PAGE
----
One of the things that drove me nuts in the UK was the traffic. The M25 has been a joke since about 1990. I have watched the sunset from my car on that road many times! Thankfully I have no idea what it is like now, but I suspect it’s not good. Traffic around all the towns was always just as frustrating.
I also had the pleasure of driving along the motorway that connects San Diego to Los Angeles, in California on a Friday afternoon. This is exactly how I remember it….Image Courtesy of Atwater Village Newbie
So what’s it like in Australia? Do we get traffic jams here?
When I first got here, I did a fair amount of driving around the city and the suburbs. My first reaction was disappointment. I was expecting (hoping for) no traffic jams at all. But that wasn’t what was happening. The odd queue here, tailback there and bumper to bumper elsewhere.
But having lived here for longer I have realised a couple of things. First, I am living in the third largest and the fastest growing city in the country. So yes, there are a few bottlenecks. But they only seem to pinch five or 10 minutes of your journey and then you are clear.
Second, having had a marvellous Australian road trip driving from here in Brisbane to Sydney, then on to Melbourne and then back home again, it was only in cities that I encountered traffic jams. If you haven’t seen the road clips in the links above, please take a look. You’ll see what I mean.
The interesting thing is there is always an article in the local paper about the terrible traffic conditions here, that a bypass is needed there and traffic levels are higher than they’ve ever been everywhere. But from where I’m sitting, the Australians just don’t know how good they have it.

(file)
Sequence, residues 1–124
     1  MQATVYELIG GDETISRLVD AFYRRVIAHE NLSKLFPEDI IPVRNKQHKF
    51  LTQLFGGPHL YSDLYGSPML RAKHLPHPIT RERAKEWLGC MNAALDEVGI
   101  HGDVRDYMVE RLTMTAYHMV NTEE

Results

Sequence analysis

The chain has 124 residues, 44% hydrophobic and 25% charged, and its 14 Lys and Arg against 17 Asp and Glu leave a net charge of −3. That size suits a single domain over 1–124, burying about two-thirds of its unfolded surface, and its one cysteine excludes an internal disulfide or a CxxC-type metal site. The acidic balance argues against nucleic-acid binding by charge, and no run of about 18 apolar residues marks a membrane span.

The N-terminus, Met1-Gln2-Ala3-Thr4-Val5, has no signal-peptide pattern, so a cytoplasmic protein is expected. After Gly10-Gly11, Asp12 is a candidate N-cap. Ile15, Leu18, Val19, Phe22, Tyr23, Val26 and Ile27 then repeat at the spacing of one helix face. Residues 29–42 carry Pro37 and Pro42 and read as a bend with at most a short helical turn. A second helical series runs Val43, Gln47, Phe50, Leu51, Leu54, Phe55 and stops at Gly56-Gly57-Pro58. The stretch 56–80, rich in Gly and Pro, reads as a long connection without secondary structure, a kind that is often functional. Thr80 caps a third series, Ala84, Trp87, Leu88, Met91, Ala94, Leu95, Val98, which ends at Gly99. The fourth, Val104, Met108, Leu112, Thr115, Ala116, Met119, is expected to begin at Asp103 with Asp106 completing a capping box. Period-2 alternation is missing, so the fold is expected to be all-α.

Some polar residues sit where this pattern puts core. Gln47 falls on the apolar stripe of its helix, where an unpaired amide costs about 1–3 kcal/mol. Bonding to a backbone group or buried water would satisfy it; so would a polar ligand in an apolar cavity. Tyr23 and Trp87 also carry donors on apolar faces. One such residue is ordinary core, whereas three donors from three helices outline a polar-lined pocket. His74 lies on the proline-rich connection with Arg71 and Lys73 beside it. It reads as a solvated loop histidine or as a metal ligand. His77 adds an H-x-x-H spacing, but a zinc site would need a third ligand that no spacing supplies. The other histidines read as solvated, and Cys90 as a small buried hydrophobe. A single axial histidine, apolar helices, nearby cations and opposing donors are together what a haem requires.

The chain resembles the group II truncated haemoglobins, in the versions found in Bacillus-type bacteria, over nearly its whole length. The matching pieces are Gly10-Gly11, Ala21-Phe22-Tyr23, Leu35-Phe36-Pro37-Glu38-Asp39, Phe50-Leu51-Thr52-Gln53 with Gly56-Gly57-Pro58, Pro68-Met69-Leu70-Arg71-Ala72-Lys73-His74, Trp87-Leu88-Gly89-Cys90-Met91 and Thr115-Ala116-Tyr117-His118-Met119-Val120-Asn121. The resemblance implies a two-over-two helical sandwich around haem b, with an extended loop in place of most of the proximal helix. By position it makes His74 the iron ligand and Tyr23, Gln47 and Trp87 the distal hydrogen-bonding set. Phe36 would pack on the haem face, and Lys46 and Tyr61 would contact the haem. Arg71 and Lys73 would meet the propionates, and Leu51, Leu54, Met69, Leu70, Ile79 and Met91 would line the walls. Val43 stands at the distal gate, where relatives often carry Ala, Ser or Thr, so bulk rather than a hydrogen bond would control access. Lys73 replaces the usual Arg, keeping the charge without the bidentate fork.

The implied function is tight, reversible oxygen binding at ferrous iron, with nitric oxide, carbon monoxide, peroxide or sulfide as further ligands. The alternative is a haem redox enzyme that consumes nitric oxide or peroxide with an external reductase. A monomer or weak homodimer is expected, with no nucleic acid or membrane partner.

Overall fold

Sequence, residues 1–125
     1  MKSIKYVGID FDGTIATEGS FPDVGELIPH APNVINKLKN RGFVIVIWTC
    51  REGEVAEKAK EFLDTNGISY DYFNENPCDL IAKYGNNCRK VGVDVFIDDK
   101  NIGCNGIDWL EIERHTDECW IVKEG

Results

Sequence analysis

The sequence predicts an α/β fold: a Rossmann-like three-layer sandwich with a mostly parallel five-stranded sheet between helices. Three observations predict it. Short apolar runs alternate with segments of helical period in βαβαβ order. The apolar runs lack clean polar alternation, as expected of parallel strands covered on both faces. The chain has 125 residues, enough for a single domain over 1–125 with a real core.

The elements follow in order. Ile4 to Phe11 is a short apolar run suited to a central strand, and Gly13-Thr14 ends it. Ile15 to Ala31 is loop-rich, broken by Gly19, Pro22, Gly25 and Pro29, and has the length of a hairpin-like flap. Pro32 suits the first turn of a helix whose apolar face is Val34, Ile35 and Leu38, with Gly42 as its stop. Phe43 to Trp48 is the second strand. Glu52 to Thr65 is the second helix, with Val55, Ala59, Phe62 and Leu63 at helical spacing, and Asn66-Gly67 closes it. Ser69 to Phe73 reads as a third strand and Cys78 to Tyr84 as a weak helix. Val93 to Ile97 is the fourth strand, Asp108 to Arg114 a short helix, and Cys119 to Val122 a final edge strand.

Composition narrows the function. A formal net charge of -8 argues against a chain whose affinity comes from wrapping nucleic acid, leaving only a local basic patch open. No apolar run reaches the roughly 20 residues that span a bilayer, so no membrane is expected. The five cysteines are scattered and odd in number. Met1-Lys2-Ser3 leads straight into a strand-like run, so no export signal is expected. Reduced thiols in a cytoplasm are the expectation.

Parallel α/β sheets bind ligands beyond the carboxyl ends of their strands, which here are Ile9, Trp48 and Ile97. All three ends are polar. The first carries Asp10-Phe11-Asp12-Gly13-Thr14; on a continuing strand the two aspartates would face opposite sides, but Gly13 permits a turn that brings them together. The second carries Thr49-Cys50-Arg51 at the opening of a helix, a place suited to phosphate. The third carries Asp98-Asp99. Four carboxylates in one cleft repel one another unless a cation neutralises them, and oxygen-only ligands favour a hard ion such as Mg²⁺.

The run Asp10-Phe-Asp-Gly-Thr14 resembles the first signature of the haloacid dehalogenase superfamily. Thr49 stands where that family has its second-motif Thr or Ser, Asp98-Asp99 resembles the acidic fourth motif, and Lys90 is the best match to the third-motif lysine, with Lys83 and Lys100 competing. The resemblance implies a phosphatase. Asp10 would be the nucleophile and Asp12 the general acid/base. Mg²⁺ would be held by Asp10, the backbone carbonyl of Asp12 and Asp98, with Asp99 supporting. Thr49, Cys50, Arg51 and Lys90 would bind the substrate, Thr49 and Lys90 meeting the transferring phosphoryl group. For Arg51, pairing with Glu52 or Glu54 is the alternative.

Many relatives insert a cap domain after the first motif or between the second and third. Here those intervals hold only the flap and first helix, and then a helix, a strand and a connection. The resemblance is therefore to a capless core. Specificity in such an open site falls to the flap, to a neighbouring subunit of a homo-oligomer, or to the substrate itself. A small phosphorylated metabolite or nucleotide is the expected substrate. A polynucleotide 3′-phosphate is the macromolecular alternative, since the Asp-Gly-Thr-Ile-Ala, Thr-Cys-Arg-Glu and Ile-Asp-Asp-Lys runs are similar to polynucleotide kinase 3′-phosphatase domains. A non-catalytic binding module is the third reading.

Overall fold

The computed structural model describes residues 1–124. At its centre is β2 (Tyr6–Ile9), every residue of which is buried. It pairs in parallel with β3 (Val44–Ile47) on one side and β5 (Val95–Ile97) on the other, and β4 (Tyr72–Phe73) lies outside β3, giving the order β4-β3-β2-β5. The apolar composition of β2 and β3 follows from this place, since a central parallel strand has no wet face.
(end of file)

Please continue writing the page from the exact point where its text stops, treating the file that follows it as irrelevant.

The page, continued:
I don’t drive in rush hour traffic very much, but I have done a couple of times recently. There is a place called Woolloongabba, which is far too long a name for Australians, so they call it The Gabba. You may have heard of it, it has a famous cricket ground.
I left The Gabba at 4:18 p.m. on a Thursday afternoon, so pretty much during the rush hour. Many Australians start at around 7-8 am and finish between 3-4 pm. The Gabba is on the completely opposite side of the city to where I live and to get home I needed to go into the city and out the other side using the very busy city bypass.
I take the left fork, the right goes into the city. As the caption says, this was not taken at rush hour. When I drove through, it was nose to tail. But still only cost me about 15 minutes.
Gave me a chance to look at the river, which is nice…
The journey in total must be something like 28 to 30 km. I was home at 5:02 p m. Driving time: 44 mins.
My second brush with rush hour was when I left home at 8.30 in the morning to drive to the airport. The airport is about 15 km north east of the city and I live about 22 km south west. I was parked and getting out of the car by ten past nine. Driving time: 40 mins.
So, contrary to local opinion and what the papers say, I don’t think they have a traffic problem. But perhaps it is because of local opinion and what the papers say, that they don’t. Seems whenever a bottleneck appears the demand to solve it is loud and clear. And it gets solved.
The main road that I use most often to get to the city has recently been widened in an effort to improve the “terrible” traffic congestion. I have been driving up and down it for a year thinking what a wonderful road it is. Yes, it is better now, but I think the exercise proves that Australians have a much lower tolerance of traffic than we do.
I like their attitude!
There are lots of things that are different about driving here in Australia, so it is a subject upon which I will return. What’s the price of petrol? Do we have road rage? What about boy racers? All will be revealed, right here.